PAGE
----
Save Lives

Top 10 safety rules for the end of summer

John Meola, PILLAR’s Safety Director, penned an article for the Richmond Times-Dispatch discussing safety rules motorist should be aware of as summer comes to an end. 

Read the full article here.

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Safety Should Not Take Days Off of Work

The safety measures a company puts in place tend to be taken for granted. That is until an accident occurs and the issue is brought to the forefront.

June is National Safety Month, an initiative led by the National Safety Council (NSC) to ensure “No One Gets Hurt.” The month aims to reduce the leading causes of injury and death at work, on the road and in homes and communities.

Each week of the month highlights a different aspect of safety: Week 1, emergency preparedness; Week 2, wellness; Week 3, falls; and Week 4, driving.

Prepare for the Unexpected

As news reports confirm, there are many types of emergencies we must be prepared to face in today’s workplace: active shooter situations, weather and natural disasters, terrorism incidents and medical emergencies, among others.

It’s critical for employees to be prepared to act according to your safety policies before, during and after such emergencies. Having plans in place and reviewing them with employees will help everyone get on the same page and minimize the risk of worst-case scenarios in an emergency.

Don’t Slip on Fall Prevention

Did you know that the third-leading cause of injury deaths is falls? According to the NSC, almost 32,000 people died from falls at home and work in 2014. In 2013, more than 47,000 workers were injured severely enough from falls that they required days off of work. Half of all fatal workplace falls were from 20 feet or lower, according to Injury Facts 2016®.

The good news is that falls are 100% preventable if proper safety procedures are implemented and followed. A couple of tips to keep in mind:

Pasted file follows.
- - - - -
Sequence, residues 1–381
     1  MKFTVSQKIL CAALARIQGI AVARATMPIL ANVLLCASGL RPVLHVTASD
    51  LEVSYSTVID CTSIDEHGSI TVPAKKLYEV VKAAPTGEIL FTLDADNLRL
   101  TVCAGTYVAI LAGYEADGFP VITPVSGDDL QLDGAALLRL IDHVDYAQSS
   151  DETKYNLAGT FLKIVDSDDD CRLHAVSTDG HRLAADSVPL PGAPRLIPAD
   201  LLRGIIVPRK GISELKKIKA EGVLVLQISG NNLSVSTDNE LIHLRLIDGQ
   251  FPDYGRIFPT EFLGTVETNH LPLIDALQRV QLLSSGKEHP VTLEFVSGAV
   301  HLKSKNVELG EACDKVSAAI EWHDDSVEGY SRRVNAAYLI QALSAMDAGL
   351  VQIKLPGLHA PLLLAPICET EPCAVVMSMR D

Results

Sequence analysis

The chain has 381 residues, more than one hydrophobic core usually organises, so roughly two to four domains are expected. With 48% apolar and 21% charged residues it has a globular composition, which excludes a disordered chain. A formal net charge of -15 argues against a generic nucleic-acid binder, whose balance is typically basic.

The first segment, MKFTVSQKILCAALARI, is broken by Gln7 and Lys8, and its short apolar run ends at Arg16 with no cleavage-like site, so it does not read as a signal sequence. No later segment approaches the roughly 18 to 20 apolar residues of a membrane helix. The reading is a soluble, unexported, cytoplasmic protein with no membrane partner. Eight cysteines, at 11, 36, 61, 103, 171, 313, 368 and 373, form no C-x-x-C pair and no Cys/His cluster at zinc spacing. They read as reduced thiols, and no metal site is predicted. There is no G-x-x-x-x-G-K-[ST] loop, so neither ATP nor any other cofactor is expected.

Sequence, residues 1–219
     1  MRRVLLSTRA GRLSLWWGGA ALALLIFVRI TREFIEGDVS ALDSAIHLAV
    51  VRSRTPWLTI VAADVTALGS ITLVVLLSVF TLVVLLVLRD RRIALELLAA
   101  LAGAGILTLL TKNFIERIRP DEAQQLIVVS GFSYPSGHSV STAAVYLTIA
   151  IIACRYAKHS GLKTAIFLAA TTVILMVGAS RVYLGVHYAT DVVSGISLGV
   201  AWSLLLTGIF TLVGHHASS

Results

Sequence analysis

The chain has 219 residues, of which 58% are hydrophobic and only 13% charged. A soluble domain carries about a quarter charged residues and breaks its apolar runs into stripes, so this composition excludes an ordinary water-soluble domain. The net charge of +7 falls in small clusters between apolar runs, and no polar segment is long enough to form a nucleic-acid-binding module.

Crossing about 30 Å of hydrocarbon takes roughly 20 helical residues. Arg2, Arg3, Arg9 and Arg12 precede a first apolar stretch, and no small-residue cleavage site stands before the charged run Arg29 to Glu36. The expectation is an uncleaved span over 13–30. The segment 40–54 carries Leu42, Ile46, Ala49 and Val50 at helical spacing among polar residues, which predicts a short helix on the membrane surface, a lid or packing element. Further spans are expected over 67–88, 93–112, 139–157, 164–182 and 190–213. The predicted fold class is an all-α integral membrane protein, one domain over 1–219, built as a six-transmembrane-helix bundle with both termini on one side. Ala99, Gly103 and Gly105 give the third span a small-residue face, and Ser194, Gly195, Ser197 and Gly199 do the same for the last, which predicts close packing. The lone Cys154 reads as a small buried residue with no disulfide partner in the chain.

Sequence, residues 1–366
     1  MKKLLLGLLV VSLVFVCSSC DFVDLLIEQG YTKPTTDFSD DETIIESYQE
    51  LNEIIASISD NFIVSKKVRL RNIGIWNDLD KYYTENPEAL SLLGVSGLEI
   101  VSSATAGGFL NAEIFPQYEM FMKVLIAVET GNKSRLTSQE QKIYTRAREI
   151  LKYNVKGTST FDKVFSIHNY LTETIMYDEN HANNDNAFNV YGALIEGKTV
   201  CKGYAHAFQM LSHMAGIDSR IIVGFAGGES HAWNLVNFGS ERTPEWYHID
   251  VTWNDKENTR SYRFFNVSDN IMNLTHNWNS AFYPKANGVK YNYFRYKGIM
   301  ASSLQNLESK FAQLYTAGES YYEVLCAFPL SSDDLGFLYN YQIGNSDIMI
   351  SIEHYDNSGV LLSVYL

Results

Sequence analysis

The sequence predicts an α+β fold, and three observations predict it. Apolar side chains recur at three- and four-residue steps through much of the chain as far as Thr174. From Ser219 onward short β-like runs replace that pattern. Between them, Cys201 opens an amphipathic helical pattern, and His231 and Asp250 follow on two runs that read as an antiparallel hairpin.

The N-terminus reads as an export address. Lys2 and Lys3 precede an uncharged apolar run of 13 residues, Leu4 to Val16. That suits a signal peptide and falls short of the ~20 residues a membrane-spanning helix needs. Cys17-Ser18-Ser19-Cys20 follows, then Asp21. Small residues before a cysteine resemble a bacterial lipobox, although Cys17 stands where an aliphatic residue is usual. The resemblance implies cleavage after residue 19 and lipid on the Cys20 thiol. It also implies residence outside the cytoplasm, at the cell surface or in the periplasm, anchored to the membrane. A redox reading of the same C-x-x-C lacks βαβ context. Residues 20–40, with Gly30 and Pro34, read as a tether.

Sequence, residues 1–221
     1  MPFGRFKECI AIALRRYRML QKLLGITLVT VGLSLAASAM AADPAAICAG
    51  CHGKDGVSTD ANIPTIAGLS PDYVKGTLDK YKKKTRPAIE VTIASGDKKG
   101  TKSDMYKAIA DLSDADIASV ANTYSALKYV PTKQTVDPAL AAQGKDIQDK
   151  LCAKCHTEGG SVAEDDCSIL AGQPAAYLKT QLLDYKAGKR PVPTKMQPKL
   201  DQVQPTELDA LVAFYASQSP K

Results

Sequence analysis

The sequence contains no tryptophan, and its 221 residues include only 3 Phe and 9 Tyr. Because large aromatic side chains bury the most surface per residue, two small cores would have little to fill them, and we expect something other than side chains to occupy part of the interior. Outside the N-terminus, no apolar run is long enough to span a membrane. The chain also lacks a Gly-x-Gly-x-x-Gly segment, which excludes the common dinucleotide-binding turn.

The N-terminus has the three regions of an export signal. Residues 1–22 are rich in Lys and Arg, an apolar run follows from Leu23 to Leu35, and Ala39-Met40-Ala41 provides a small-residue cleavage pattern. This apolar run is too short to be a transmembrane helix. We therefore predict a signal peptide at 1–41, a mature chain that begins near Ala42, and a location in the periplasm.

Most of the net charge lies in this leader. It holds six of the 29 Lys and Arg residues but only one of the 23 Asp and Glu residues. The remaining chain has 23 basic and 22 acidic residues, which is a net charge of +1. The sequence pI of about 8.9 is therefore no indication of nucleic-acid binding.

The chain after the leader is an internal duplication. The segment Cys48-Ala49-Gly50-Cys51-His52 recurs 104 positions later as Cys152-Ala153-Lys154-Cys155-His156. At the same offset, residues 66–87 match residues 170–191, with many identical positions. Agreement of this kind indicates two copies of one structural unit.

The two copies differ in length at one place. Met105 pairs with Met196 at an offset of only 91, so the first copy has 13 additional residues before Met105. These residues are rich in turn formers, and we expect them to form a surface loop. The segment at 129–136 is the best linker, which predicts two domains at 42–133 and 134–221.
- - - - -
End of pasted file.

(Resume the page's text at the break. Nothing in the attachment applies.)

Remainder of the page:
• Ensure you and coworkers are properly trained on equipment.
  • Make certain stepladders have locking mechanism to hold front and back open.
  • At all times, keep either two hands and one foot or one hand and two feet on the ladder.
  • The ladder should be one foot from the surface it rests on for every four feet of height; it should also extend a minimum of three feet over the top edge.

Decrease Distracted Driving

The most proactively safe companies are going above and beyond state laws to ensure employees are not driving distracted on company time. Knowing you are four times more likely to crash when operating a cell phone, NSC maintains that any company serious about eliminating distracted driving accidents implement a cell phone ban on both hand-held and hands-free devices.

The NSC points to one Fortune 50 company with a simple phone-ban policy that covers all of the bases. It states that employees cannot use cell phones if an employee is doing any of the following:

  1. Driving a company car
  2. Operating a personal car on company business
  3. Driving on company property
  4. Using a company-supplied phone
  5. Using a personal phone for company business

Although June is designated as National Safety Month, it’s a reminder that safety procedures do not take vacations. Following safety protocol is of utmost importance to your business and its employees 24 hours a day, seven days a week and 365 days a year.

PILLAR’s safety team offers innovative and cost-effective solutions for your organization’s unique needs, including job-related safety meetings, distance learning opportunities, safety records management and on-site training.

For more information on PILLAR’s safety program, contact us online or call 276.223.0500.

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Top ten safety issues for contractors